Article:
Safety Glasses – Always protect your eyes! Torch fire enameling is quick so I don’t use didymium glasses but you may want to get one if you plan on torching for long hours to protect your eyes.
Mask – I use the 3M 8212 N95 for soldering/welding. This may be overkill but I try to take every safety precautions. You are working with ground glass and whenever you are sifting or transferring enamel from one container to another, you should be wearing a mask to protect your lungs. Also it’s super important to wipe down the area with wet paper towel so that you are not sending enamel dust in the air. I keep my mask on until I’ve finished cleaning the work area.
Let’s get started!
Step 1: Clean your metal – Use mild detergent (like Dawn) and rinse off well. Scrub if necessary. The water should not repel from a clean surface. Dirty piece will cause enamel to pop or crack later.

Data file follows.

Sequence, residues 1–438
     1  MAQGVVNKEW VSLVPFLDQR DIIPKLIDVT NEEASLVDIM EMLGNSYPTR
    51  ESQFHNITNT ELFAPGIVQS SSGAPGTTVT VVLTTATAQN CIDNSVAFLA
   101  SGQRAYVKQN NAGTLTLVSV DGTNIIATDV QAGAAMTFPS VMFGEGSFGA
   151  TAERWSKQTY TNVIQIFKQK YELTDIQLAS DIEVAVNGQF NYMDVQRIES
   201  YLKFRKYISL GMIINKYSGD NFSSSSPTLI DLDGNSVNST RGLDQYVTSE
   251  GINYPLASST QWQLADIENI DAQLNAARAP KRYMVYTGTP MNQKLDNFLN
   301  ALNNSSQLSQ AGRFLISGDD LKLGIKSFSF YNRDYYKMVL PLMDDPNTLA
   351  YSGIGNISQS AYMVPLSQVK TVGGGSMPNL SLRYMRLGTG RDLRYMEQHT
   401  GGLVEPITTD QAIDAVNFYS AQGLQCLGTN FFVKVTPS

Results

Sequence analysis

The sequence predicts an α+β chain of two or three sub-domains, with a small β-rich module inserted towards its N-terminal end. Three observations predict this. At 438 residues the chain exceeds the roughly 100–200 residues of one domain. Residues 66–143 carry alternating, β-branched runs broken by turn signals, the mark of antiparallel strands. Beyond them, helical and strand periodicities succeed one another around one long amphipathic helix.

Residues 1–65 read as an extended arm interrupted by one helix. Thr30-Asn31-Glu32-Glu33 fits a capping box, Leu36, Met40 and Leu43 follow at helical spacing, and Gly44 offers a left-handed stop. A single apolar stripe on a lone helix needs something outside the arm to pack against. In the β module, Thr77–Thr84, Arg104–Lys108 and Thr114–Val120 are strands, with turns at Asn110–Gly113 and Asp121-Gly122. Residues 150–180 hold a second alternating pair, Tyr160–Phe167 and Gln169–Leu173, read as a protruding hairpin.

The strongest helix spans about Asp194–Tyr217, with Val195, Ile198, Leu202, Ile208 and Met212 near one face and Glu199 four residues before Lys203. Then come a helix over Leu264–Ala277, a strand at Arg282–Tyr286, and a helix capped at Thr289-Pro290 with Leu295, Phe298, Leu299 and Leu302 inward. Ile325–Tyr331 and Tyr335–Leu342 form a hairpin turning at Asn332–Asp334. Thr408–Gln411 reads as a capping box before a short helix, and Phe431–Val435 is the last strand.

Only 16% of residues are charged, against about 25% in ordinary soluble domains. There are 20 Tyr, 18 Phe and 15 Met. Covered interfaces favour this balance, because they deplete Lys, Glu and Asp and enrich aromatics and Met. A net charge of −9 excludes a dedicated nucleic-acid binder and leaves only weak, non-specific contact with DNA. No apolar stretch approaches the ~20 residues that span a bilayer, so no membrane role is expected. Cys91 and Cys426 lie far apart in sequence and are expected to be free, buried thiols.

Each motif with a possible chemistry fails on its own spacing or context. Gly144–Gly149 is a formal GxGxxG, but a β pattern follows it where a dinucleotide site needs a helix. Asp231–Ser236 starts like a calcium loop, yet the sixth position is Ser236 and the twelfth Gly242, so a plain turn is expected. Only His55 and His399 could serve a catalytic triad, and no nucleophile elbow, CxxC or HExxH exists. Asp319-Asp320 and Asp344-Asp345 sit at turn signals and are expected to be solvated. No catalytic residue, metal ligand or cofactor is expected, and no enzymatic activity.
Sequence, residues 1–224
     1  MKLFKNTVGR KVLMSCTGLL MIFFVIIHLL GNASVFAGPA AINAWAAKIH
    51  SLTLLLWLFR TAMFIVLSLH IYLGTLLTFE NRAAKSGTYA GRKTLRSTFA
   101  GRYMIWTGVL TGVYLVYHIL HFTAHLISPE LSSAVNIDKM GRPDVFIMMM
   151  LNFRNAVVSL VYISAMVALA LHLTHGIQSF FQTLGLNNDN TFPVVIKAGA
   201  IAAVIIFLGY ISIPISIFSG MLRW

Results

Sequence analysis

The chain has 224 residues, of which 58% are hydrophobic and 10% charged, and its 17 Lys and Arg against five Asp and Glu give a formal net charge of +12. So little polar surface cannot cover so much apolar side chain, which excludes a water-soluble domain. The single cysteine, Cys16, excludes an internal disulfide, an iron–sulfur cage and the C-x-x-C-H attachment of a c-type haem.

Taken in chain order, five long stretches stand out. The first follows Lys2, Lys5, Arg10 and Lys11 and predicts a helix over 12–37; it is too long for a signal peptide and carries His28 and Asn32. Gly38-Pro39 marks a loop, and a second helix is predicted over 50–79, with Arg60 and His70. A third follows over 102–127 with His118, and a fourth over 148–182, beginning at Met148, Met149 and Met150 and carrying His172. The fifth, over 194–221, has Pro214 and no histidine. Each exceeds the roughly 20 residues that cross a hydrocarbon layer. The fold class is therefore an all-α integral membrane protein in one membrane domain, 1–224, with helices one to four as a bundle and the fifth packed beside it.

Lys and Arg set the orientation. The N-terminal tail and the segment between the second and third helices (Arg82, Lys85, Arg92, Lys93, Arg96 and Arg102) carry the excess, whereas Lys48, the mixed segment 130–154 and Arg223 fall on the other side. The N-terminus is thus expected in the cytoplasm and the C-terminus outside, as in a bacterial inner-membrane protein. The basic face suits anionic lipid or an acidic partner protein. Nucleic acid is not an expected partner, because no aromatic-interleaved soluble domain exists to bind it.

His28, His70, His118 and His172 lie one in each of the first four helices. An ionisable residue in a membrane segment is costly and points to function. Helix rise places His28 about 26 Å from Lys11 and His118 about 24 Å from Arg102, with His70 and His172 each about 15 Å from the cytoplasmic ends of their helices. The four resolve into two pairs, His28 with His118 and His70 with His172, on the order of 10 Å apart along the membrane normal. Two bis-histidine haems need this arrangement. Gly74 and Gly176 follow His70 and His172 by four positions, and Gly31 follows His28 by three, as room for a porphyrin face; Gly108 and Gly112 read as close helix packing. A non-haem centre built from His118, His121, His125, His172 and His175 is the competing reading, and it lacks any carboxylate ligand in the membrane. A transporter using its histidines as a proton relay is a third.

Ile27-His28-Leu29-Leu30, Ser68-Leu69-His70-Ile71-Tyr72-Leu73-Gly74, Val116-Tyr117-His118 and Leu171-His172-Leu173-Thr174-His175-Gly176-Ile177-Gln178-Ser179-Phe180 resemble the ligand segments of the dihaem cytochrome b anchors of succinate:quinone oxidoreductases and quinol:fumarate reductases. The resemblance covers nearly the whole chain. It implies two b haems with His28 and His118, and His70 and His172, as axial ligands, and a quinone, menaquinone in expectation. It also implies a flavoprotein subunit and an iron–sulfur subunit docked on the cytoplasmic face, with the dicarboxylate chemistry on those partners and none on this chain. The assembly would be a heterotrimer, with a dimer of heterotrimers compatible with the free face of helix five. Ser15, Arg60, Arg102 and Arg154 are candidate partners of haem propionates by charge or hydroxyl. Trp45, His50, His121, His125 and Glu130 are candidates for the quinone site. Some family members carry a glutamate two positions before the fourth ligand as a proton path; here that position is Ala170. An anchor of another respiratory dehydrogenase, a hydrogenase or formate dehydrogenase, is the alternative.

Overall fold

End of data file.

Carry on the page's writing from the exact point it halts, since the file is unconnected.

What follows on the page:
Step 2: Lightly spray enamel adhesive on metal (back side first)
Step 3: Sift the backside with counter enamel. I place the little trivet (this is not the same trivet I use for firing) on top of old glossy magazine pages to collect enamels and pour it back to the container. Try to get an even coating. You can use a darker color enamel or mixture of all the left over. Heat the piece from the bottom and melt the enamel until you reach the orange peel texture look. Don’t over heat the counter enamel side as you will be applying the flame directly later when you are enameling the front side of the piece.
Let it cool (don’t quench in water as the shock will crack the glass)
Step 4: Repeat Step 2 on the front side of the piece. I typically start with opaque enamel as my base coat. Unlike the counter enamel, heat the piece until it looks glossy/shiny.